Notes to the Consolidated Financial Statements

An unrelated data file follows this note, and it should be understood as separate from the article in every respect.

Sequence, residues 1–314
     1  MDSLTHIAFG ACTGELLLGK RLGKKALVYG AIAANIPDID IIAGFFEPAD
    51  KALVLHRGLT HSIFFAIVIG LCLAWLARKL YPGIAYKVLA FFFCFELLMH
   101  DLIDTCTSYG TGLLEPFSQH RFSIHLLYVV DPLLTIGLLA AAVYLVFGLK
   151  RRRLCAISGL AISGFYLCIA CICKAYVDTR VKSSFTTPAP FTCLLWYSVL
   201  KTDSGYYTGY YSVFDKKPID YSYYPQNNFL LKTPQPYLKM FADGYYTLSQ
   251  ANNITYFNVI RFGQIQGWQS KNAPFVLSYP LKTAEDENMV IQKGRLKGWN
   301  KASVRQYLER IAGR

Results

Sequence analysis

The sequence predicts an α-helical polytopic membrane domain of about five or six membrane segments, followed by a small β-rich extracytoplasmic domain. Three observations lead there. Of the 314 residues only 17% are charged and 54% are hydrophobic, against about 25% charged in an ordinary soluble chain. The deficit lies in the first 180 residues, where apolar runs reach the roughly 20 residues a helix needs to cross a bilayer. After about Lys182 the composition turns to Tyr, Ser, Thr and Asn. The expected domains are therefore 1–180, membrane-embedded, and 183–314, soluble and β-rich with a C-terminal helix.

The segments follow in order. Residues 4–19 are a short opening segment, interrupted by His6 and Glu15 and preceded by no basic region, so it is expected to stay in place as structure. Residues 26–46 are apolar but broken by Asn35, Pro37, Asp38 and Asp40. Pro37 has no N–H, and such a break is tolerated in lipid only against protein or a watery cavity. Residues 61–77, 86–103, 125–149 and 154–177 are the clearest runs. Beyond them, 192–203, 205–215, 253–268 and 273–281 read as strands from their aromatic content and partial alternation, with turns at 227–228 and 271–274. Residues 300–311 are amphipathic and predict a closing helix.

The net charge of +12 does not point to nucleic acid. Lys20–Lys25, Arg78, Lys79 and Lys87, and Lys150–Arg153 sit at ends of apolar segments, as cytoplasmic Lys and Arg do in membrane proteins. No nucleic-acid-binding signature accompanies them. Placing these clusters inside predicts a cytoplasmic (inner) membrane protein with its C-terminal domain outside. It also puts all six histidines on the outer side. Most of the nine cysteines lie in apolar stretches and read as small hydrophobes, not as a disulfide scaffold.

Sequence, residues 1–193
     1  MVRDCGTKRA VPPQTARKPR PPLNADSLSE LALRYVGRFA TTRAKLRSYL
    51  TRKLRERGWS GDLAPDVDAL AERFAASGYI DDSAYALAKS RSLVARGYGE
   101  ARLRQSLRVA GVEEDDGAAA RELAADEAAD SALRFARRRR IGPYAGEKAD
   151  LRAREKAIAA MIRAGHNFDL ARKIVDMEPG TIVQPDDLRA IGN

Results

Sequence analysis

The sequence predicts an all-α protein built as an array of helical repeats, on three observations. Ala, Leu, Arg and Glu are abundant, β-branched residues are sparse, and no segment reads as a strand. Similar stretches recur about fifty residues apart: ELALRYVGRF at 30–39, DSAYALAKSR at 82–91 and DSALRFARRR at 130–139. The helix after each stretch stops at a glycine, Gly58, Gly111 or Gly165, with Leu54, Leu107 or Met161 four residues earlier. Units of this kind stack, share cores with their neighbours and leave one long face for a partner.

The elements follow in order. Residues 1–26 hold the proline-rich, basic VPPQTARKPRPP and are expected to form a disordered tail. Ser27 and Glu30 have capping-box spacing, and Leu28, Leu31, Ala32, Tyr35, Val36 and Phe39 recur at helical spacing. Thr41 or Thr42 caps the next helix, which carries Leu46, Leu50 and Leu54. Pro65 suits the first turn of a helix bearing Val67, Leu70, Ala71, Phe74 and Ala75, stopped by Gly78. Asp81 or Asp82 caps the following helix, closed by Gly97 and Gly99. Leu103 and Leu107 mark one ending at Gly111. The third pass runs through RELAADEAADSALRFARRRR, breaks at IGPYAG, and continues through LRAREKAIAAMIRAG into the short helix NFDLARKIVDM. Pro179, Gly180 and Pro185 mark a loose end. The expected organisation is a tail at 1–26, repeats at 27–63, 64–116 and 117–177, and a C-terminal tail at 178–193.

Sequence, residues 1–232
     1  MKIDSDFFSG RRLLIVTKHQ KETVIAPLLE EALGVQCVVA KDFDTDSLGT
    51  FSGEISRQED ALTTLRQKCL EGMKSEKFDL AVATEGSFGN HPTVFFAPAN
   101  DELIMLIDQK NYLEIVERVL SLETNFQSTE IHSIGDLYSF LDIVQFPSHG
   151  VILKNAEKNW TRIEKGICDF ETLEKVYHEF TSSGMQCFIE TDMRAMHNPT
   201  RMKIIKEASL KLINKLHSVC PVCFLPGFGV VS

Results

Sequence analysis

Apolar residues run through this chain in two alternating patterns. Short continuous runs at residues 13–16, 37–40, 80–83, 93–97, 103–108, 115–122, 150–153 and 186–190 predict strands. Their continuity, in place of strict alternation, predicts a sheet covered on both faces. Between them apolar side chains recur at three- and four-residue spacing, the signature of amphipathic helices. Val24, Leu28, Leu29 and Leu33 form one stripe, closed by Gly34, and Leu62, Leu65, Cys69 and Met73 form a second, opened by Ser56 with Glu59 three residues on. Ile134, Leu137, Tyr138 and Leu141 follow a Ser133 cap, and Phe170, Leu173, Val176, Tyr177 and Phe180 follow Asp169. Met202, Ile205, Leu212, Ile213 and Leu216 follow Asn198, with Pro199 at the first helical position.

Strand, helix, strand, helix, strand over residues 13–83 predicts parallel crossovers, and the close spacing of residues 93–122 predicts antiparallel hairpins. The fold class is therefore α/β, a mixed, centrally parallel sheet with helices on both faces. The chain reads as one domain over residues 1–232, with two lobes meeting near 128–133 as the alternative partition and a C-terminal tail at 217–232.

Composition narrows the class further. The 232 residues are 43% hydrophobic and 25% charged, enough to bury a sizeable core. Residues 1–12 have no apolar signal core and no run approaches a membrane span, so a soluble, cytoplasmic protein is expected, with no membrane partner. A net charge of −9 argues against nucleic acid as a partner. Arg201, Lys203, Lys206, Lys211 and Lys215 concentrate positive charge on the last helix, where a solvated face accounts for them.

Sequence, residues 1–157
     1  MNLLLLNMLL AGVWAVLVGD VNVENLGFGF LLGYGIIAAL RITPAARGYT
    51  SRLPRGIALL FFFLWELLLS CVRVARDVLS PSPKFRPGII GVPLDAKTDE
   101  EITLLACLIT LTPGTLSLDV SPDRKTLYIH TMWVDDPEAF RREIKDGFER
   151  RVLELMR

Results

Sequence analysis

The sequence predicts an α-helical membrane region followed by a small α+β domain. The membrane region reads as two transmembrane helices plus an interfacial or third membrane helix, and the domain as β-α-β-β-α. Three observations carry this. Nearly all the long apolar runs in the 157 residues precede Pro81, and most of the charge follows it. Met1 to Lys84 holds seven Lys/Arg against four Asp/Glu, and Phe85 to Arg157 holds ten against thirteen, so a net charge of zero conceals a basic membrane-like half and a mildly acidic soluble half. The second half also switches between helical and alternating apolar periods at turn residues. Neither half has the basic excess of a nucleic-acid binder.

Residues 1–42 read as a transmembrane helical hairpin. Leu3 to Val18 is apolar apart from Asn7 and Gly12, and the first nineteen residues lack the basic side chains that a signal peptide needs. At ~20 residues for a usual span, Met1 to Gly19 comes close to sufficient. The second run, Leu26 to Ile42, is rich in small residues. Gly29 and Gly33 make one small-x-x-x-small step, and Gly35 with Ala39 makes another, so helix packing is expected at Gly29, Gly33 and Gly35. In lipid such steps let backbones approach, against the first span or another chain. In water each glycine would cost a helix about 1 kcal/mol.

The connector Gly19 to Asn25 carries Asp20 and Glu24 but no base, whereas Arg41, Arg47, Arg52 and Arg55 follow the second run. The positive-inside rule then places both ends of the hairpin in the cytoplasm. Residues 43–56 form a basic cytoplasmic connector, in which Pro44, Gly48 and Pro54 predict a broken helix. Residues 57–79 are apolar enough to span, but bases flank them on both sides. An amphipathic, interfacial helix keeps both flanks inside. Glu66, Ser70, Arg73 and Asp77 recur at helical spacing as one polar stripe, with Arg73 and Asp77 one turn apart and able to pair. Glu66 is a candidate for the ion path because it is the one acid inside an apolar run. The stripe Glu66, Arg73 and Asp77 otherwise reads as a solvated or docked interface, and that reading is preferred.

recoveries and the amount of losses incurred, adjusted for management’s judgment as to the impact of current and future economic and credit conditions. The carrying amount of trade and other receivables is reduced through the use of an allowance account. Once reasonable collection efforts have been exhausted, and a trade and other receivable balance is considered uncollectible, it is written off against the allowance account. Subsequent recoveries of amounts previously written off are credited against the allowance account. Changes in the carrying amount of the allowance account are recognized immediately as an impairment loss on trade and other receivables in the consolidated statement of comprehensive income. ii. Non-financial assets At each reporting date, the Corporation reviews the carrying amount of its non-financial assets to determine whether there is any indication of impairment. If any such indication exists, the recoverable amount of the asset is estimated. The recoverable amount of an asset is the higher of fair value less costs of disposal and value in use. If the recoverable amount of an asset is estimated to be less than its carrying amount, the carrying amount is reduced to its recoverable amount, and an impairment loss is recognized immediately in other losses. Assets that cannot be tested individually, including corporate assets, are grouped together into cash-generating units (CGUs), the smallest group of assets that generates cash inflow from continuing use. Impairment losses recognized in prior periods are assessed at each reporting date for any indications that the loss has decreased or no longer exists. An impairment loss is reversed only to the extent that the carrying amount of the asset (or CGU) does not exceed the carrying amount that would have been determined, net of amortization or depreciation, if no impairment loss had been recognized. l. Employee benefits i. Short-term employee benefits Short-term employee benefits obligations are measured on an undiscounted basis and are expensed as the related service is provided. When the service of employees is used directly in the construction of an asset, the associated short-term employee benefits cost is recognized within the cost of the property, plant and equipment or intangible assets. ii. Pension plans The Corporation provides pension plans for all eligible employees through its participation in both a defined contribution plan and a defined benefit plan. Under the defined contribution plan, which is administered by the Public Employees Benefit Agency, regular payments are made to a separate entity for current service with no obligation to pay further amounts. Contributions are recognized within employee benefits expense during the period in which services are rendered by employees. During the period, the Corporation contributed $7 million (2019 - $6 million) to pension plans on behalf of employees for current service. The defined benefit plan is administered by Saskatchewan Power Corporation (SaskPower), a Crown corporation under the common control of CIC. Employees that transferred employment from SaskPower upon establishment of SaskEnergy were eligible to remain members of the plan for the maximum contribution period of 35 years. A contractual agreement is in place stating that the Corporation’s future contributions to the plan will not be affected by any plan surplus or deficiency. As a result, obligations related to the defined benefit plan are limited to making regular payments to the plan for current service, similar to a defined contribution plan. As all eligible employees reached the maximum contribution period of 35 years, the Corporation is no longer required to make contributions to the plan. iii. Retiring allowance plan Certain employees of the Corporation are members of a retiring allowance plan. The Corporation’s obligation is the amount of future benefit that employees have earned in return for their service in the current and prior periods. The future benefit is actuarially determined using the projected unit credit method. Any actuarial gains or losses are recognized in other comprehensive income while all current service costs and interest expense are recognized in net income. Actuarial gains and losses are transferred from other equity to retained earnings in the year it is recognized in other comprehensive income.
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